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This article was published 26/7/2021 (305 days ago), so information in it may no longer be current.
In a gesture of reconciliation, the Japanese Cultural Association of Manitoba is gifting mobiles of a thousand handmade paper cranes to Indigenous organizations in Winnipeg.
In Japanese culture, the crane is a mystical creature said to live 1,000 years. According to legend, anyone in possession of 1,000 folded paper cranes, which are strung together, will be granted one wish, explained JCAM president Kelly Kaita. This is referred to as senbazuru in Japanese, or "a thousand cranes."
"That wish can literally be anything — good health, good finance, good life, anything," Kaita told The Times.
"We felt that if we could present this senbazuru to these organizations, they might wish for an understanding and support for either the Every Child Matters movement or the Truth and Reconciliation Commission’s mandate."
It was Kaita’s wife who suggested the project. The pair had been watching the news after it was revealed that the remains of 215 Indigenous children had been discovered at a former residential school in Kamloops, B.C.
"My wife pointed out to me that as an association, it’s important for us to stand in solidarity and support of those who need support. And of course, she brought up the fact that the 1,000 cranes in Japanese culture has a lot of significance and meaning. And so she suggested that we proceed with a movement — 1,000 cranes for reconciliation."
The association’s membership quickly began folding cranes. Even people from across Canada and from Tokyo, Japan have contributed. JCAM, located at 180 McPhillips St., has received more than 5,000 cranes to date.
The association has gifted senbazuru to the Ma Mawi Wi Chi Itata Centre and the Aboriginal Health and Wellness Centre.
"Having another group show their recognition and take the time to create something that is culturally significant to them, to then gift to us is just a really humbling and beautiful gesture," said Rosalyn Boucha, the communications manager for Ma Mawi.
"And it is a reminder of our collective responsibility as Canadians to uphold truth and reconciliation and learn from history and move forward together."
Ma Mawi accepted senbazuru in a ceremony on July 9 at one of its sites, the Gathering Place for Truth and Reconciliation (445 King St.).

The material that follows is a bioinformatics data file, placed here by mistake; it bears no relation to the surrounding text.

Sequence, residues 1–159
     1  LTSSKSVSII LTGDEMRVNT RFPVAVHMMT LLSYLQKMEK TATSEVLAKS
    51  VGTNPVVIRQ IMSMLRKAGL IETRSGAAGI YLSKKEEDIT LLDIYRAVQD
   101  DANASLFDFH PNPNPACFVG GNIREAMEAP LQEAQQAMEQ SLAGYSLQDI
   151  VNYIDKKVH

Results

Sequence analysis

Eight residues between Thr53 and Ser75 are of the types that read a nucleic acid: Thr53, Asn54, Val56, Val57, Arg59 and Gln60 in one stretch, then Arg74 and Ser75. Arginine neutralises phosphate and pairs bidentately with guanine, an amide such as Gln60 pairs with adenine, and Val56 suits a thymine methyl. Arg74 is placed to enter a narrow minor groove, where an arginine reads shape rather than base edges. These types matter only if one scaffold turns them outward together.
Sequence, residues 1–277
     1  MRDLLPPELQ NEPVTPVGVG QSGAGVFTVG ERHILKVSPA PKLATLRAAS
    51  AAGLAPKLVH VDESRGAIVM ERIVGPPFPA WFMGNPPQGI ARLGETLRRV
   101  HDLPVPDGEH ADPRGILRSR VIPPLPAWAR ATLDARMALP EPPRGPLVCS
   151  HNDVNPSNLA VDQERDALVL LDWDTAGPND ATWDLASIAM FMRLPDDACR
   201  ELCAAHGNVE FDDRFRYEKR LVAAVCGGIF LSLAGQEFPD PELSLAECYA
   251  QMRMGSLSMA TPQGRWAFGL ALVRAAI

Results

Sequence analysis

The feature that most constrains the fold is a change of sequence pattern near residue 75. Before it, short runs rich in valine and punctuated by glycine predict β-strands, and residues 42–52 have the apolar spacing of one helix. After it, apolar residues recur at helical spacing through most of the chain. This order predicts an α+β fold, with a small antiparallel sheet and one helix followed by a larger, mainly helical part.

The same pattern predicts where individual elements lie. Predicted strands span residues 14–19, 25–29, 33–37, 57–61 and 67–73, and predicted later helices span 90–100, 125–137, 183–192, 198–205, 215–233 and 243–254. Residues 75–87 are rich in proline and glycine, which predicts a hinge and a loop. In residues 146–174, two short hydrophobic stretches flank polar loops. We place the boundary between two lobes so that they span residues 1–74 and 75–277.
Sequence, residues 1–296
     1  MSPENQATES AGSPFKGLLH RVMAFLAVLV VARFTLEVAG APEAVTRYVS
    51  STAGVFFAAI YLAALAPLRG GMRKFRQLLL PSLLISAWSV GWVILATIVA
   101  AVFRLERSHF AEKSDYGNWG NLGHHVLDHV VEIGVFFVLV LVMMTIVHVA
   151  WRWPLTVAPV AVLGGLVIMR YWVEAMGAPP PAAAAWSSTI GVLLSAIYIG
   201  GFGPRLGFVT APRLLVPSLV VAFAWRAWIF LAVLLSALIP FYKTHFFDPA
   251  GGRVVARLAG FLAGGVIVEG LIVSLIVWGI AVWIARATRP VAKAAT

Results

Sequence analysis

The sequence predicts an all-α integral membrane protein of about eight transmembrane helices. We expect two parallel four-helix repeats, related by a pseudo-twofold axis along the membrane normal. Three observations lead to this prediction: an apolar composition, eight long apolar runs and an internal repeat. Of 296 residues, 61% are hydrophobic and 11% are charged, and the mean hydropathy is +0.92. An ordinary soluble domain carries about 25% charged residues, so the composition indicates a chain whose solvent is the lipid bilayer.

Boucha said the organization will tour the mobile across its sites and the cranes’ final resting place will be at the Windy Hill Community Training, Healing and Learning Centre, about an hour northeast of Winnipeg.
Also on JCAM’s waiting list is Winnipeg city hall and the Canadian Museum for Human Rights. In August, Kaita and his wife will drive to B.C. to deliver a mobile to the First Nations Health Authority.
"We were quite moved with the way that these cranes were accepted," Kaita said.
Although it wasn’t the focus of the project, Kaita recognized parallels in the history of the Japanese and Indigenous peoples in Canada — they were and continue to be affected by racism and discrimination.
During the Second World War, Japanese people living in Canada were forcibly removed from their homes and placed in internment camps, similar to how Indigenous children were scooped from their homes and stuck in residential schools.
"It’s certainly something that has come to mind," Kaita said.
"A lot of people have said there are similarities between the Japanese-Canadian internment and these Indian residential schools, only in the sense that individuals were taken involuntarily.
"That’s why we felt very compelled to want to support our Indigenous friends."
Kaita added that JCAM is one of the signatories of Winnipeg’s Indigenous Accord, a document guiding the city’s reconciliation efforts.
He said JCAM will continue creating senbazuru as long as the association receives requests and is able to fold cranes.
The Times community journalist
Sydney Hildebrandt was the community journalist for The Times until September 2021, when she joined our sister paper, the Brandon Sun.